10 Reasons for Ocean Freight Delays

While supply chains globally have been trying to brush off the havoc created by the pandemic, frequent container line delays have been like a sore thumb and have complicated the path to recovery.

2021 saw only around 40% of container ships arriving at ports on time. 

The beginning of 2022 gave us a glimmer of hope, but things again started going downhill in the next few months. 

The ocean freight delays are a part of the increasing issues surrounding ocean freight, such as shortage of finished goods, increasing raw material costs, and an increase in freight rates.

This article lays down the ten primary reasons behind ocean freight delays that are proving catastrophic for global supply chains.   

Reasons for ocean shipping delays

When consumers order something, they would like to get it delivered on time. They rely on your logistics and management to ensure timely delivery. 

But there are certain factors that can put your deadlines at bay and make it difficult for you to meet your commitments.

Here are the top 10 reasons for ocean shipping delays –

1. Change in schedule

One of the issues that gripe ocean transportation, especially inland, is an abrupt schedule change. 

It happens during peak season or when factories are closed for holidays or any other reason for a specific timeframe. 

Logistics companies continue to tackle demand fulfillment in such cases, and managing the schedule becomes more complicated once everything is back to normal.

2. Feeder schedule failures

Only 35% of the world line routes are covered on direct services.

Ocean freight is managed by a mix of large vessels and feeder vessels. While the former only has a small part in the overall logistics and distribution, the latter carries the load to the port of discharge. 

So, these feeder vessels undertake several short trips that span for a few days. 

In such cases, if a consignment misses out on a feeder, they will have to wait for the next vessel to arrive. This means that the delivery will be delayed by a few days without any visible fault of the people involved.

3. Port congestions

A port has a limited capacity for handling demand and supply. 

The recent disruptions in the supply chain have led to an increased demand when things started looking bright. It led to congestion where ports could not meet incoming needs with aplomb. 

It inadvertently meant business was hampered, and estimated transit time became ineffective because very few knew when their container would arrive and leave.

4. Customs issues

Automation is yet to land in full swing at the customs. So, there are a lot of workers who have severely been affected by the constant fluctuations in demand.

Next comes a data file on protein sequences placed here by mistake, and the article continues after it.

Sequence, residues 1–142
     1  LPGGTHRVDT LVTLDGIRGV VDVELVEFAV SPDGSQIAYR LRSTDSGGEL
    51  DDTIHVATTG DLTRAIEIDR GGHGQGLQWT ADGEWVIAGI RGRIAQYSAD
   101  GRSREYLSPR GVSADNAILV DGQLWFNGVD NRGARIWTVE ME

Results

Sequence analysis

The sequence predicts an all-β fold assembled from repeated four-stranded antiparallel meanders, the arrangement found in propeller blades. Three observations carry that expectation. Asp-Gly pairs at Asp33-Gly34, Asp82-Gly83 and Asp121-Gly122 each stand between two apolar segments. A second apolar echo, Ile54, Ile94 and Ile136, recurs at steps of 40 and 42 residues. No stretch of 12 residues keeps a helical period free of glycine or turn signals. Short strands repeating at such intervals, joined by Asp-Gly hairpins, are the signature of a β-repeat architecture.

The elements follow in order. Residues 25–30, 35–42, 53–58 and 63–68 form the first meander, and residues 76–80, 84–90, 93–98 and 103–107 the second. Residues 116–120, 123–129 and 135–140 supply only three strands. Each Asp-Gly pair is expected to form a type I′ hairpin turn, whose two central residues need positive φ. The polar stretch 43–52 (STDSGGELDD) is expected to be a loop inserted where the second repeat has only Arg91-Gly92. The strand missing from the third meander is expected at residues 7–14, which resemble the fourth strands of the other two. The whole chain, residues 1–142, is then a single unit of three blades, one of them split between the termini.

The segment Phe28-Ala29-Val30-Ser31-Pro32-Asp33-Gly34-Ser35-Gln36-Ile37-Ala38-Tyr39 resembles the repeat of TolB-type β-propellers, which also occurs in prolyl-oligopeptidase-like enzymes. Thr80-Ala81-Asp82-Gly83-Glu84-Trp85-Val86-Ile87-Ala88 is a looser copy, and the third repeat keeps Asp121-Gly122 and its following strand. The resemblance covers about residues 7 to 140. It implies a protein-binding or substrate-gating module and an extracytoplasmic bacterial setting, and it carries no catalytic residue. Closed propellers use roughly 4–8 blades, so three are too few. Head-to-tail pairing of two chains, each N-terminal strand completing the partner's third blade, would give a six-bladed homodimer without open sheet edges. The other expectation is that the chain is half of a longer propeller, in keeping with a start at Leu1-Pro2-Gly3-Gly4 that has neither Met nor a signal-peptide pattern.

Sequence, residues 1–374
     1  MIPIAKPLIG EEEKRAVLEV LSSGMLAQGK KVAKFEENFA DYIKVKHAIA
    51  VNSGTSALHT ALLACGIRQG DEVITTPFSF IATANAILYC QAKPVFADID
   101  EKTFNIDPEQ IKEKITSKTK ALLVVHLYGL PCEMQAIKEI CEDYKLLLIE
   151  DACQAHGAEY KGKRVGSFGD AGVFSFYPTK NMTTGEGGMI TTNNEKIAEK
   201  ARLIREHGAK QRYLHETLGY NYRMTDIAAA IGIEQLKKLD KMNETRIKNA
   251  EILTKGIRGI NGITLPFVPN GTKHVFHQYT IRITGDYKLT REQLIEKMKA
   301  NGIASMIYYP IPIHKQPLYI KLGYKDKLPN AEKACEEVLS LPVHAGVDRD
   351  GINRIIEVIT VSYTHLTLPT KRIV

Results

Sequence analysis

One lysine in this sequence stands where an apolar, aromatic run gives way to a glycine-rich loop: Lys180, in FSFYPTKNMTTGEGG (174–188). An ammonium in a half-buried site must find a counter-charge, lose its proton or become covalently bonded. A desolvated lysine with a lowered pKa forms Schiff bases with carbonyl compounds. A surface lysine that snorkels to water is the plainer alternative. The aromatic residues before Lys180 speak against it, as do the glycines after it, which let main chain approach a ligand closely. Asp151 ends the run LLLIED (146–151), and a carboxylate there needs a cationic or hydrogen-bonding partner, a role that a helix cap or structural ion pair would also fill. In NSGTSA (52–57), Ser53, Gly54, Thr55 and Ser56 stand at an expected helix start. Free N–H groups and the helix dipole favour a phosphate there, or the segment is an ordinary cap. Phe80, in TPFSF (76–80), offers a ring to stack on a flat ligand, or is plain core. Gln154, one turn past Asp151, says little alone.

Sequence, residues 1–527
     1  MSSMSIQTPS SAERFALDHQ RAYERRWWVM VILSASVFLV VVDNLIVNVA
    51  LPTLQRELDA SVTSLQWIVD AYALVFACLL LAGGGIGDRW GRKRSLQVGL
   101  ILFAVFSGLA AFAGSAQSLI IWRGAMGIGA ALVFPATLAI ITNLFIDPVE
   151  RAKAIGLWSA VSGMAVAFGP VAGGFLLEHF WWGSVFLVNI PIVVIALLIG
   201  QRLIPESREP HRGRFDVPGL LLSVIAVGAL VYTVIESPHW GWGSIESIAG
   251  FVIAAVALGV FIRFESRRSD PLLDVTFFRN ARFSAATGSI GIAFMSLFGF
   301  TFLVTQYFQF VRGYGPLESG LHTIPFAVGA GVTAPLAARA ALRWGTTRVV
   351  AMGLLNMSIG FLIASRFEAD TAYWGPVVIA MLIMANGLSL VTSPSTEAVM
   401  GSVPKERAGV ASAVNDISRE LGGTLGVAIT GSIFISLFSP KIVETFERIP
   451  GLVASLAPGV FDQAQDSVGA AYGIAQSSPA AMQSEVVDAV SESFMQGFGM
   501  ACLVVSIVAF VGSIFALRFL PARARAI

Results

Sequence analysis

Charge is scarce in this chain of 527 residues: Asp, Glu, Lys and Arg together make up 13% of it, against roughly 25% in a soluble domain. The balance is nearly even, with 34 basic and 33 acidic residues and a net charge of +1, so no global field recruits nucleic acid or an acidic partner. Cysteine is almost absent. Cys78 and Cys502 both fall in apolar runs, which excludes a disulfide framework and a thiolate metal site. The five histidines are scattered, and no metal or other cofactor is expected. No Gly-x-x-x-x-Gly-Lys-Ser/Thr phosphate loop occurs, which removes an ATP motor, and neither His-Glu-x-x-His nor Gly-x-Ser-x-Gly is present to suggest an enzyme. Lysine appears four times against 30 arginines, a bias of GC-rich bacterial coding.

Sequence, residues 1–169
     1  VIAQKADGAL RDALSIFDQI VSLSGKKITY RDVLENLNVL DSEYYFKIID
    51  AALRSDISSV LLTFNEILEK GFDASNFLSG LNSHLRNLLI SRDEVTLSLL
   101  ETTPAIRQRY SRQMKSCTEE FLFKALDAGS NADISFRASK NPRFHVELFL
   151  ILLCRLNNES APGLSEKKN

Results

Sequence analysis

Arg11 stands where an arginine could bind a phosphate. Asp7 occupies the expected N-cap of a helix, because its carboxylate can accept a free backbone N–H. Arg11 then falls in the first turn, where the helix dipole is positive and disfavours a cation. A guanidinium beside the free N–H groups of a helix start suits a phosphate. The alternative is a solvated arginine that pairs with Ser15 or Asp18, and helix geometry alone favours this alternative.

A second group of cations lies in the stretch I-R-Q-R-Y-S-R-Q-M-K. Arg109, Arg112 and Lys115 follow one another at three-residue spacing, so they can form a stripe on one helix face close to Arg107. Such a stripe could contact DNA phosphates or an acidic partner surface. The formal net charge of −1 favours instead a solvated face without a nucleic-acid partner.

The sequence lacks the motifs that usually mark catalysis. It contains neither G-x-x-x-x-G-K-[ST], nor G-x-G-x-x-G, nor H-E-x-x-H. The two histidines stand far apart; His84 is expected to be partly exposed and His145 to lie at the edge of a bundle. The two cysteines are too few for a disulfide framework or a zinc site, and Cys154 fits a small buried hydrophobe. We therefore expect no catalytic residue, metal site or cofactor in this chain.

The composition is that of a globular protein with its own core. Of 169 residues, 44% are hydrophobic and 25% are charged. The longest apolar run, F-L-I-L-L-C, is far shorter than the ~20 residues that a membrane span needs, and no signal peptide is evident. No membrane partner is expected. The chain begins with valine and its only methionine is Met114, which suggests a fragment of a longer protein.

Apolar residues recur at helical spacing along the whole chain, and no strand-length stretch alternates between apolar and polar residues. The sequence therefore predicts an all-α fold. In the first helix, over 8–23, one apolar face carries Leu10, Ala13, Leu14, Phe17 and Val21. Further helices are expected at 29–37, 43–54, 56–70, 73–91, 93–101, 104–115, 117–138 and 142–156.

These individuals often decide to go on strikes or take longer times than usual to complete the paperwork, delaying the overall process.  

5. Rolled cargo

In the shipping world, each vessel has a plan pertaining to the containers it will load and unload at each port before it sets sail. 

In many cases, these vessels are overbooked, and several containers do not find a place for loading and are rolled over for several trips. While the reason behind such a halt can be any, it impacts delivery time and leads to delays in reaching the final customer.

6. Inadequate technology

As mentioned above, automation is yet to make its presence felt in the ocean freight world. 

As a result, most ports have no option but to deal with old and outdated software or obsolete machinery, which takes longer than usual and is less effective in handling cargo. 

So, unless we see ports upgrade their legacy setting, it would inadvertently delay deliveries and be a bottleneck for supply chain functioning.

7. Damage to cargo during shipment

A ship has over 100,000 parts that work together to ensure its smooth functioning.

 But when any of these starts lagging because of issues or makes it impossible for the ship to continue operations, the recovery process can take a few days to a few months. 

Of course, if there is an alternate shipping line, these goods can be transshipped, but still, it would lead to a delay in the overall delivery times.  

8. Weather conditions and other navigational issues

Countries worldwide are suffering from erratic weather, and it is indirectly affecting supply times too. Such turbulent weather has resulted in navigational challenges and can lead to delays in dispatch or arrival of the containers.

9. Route changes

Route changes are regular with ocean freight. 

The sea is a vast multitude of uncertainty, and there can be several reasons for the route change. These include the possibility of icebergs, erratic weather, pirates, and more, that can force the captain to order route changes for maximum safety. 

Such a shift in course ultimately affects delivery times.

10. Other unforeseen conditions

In addition to the reasons mentioned above, there can be a plethora of other conditions that cause freight delays.  These include collisions, vessel stability issues, technical issues at the port, and others that can cause unwanted delays in shipping times. 


Since sometime in the beginning of 2020, delivery delays have griped ocean freight. 

While we can associate it with the pandemic, shippers unearthed several other issues during this period that hurt delivery times globally and continue to haunt ocean freight timings. 

Reach out to us at Andmakers for fulfillment and ocean freight  related queries. 

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